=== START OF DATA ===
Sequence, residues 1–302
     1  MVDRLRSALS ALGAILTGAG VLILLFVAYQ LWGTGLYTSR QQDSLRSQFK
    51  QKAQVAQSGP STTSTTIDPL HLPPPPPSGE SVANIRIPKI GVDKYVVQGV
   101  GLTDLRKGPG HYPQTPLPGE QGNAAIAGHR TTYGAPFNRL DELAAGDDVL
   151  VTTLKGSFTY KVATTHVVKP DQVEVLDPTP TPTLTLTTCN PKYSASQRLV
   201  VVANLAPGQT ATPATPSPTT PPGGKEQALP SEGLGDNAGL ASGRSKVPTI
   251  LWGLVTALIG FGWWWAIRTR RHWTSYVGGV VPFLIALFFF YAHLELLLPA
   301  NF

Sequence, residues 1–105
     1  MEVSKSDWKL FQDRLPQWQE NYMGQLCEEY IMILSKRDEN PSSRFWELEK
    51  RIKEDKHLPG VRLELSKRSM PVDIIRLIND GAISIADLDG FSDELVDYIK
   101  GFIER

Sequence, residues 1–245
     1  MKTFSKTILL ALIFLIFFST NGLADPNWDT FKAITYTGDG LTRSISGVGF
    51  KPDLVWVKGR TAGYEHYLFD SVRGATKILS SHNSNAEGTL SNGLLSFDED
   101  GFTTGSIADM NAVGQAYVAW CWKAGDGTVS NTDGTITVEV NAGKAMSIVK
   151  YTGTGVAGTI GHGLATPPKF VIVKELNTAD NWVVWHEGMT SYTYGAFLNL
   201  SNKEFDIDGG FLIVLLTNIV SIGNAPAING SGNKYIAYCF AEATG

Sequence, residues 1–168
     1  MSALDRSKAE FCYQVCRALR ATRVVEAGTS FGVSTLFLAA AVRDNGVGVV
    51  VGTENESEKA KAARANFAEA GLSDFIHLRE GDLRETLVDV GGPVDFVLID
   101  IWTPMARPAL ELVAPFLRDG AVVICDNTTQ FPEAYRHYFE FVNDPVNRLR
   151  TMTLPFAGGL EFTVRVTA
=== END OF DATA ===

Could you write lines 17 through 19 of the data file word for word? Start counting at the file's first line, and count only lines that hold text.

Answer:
   151  YTGTGVAGTI GHGLATPPKF VIVKELNTAD NWVVWHEGMT SYTYGAFLNL
   201  SNKEFDIDGG FLIVLLTNIV SIGNAPAING SGNKYIAYCF AEATG

Sequence, residues 1–168